Heat or ice?

Jun 22, 2018

Deep heat, ice packs, hot water bottles, freeze spray, heat pads …we’ve all heard of these different types of heat/cold therapy to help with pain, but sometimes it gets confusing as to which to use and when.

As a general rule of thumb, if you have had a new injury and there is swelling…use ice.  This will prevent further inflammation as well as providing pain relief.  When using ice, remember not to put it directly on your skin, ensure you wrap those frozen peas (other vegetables are available) in a tea towel to protect your skin. Also, avoid using it for too long.  10 minutes at a time, ensuring you give yourself at least an hour break before using it again.

If you have ongoing stiff, tight muscles causing you pain, i.e. you get a sore neck after a long day sitting at a desk, or aching, arthritic, stiff joints, you will often get greater benefit from heat.  Heat helps to relax your muscles and may make stretching more comfortable. Imagine walking out of the house on a snowy January morning without a coat…you will immediately feel your shoulder muscles tense up as you start to shiver!  On the flip side, think of how relaxed you feel when sinking into a hot bath – the same principle applies to ice and heat!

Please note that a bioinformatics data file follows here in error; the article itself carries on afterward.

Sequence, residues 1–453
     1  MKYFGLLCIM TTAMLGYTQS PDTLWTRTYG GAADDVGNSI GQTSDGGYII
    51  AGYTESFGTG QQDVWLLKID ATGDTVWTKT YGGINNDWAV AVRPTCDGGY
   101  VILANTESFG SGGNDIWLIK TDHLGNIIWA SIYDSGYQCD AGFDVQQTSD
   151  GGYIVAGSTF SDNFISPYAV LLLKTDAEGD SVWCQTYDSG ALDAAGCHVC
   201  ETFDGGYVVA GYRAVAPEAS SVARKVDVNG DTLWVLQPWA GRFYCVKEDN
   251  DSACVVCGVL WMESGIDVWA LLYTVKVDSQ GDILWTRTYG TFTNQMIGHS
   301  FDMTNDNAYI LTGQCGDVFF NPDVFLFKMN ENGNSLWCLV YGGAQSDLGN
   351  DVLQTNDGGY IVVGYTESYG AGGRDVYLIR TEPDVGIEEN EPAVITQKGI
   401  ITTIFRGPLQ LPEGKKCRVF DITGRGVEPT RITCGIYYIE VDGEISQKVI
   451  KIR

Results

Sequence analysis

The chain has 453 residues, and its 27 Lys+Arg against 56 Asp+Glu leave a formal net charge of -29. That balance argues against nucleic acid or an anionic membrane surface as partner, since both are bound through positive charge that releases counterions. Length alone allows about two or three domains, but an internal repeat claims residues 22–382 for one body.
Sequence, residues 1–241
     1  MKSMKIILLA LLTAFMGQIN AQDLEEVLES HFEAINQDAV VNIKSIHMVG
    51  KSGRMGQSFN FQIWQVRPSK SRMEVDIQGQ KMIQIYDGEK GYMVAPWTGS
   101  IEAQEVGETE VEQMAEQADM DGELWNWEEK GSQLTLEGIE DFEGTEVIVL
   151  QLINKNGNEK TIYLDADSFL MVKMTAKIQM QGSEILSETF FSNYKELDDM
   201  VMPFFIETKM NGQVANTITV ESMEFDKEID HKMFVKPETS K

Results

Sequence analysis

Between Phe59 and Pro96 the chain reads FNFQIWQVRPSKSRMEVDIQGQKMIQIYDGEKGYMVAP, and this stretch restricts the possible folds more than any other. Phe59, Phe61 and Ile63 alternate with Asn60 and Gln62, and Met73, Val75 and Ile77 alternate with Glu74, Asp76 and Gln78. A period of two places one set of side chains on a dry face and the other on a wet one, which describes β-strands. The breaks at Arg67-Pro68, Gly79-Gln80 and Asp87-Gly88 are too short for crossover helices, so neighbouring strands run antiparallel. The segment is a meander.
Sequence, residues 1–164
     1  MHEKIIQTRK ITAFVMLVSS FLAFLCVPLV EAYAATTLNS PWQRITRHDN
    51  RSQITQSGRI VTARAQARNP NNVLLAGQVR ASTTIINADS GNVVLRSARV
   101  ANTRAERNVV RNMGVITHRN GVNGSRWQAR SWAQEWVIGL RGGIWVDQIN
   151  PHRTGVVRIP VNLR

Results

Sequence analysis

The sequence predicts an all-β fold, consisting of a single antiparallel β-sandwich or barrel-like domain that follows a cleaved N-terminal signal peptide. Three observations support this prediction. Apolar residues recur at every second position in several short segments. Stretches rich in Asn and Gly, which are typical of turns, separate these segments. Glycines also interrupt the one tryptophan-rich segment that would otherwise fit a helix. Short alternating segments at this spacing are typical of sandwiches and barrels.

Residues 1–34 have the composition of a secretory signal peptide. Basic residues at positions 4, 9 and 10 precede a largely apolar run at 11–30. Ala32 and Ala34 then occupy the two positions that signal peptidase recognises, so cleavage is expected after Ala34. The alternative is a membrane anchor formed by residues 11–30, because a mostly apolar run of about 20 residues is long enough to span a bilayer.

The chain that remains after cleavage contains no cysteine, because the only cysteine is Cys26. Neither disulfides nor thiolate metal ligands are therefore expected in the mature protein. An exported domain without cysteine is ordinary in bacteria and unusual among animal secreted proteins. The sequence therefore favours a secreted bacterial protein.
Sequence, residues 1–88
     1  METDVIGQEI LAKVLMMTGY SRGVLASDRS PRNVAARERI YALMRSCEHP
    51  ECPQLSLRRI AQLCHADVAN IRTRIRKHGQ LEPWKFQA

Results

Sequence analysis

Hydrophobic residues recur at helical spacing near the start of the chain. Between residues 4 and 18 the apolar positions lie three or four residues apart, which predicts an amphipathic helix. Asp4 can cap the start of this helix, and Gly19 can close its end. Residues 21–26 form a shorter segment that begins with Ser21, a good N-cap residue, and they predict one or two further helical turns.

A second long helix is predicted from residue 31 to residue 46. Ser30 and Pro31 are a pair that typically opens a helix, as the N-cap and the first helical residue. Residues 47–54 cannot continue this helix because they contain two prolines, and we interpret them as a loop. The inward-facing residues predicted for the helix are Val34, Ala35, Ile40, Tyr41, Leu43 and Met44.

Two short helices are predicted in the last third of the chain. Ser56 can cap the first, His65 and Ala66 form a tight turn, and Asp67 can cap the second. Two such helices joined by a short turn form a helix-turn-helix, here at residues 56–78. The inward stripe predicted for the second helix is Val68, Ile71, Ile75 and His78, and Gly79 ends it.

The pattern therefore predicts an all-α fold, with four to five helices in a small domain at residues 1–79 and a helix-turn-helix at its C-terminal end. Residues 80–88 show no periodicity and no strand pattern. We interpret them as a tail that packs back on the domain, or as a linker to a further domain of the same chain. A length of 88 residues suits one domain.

If you have sore back/area which has been hurting for a while, with no recent swelling/injury or you don’t feel like your muscles are particularly tense or spasming, then there is not necessarily a right or wrong one to use – whichever you feel gives you more relief.


  • Stiff joints
  • Tense muscles
  • Ongoing pain
  • If it feels nice
  • Not too hot – to avoid burns


  • Recent injuries (within 72 hours)
  • Swelling
  • If it feels nice
  • Not directly on skin
  • Keep to 10 minutes
  • Wait an hour before reapplying

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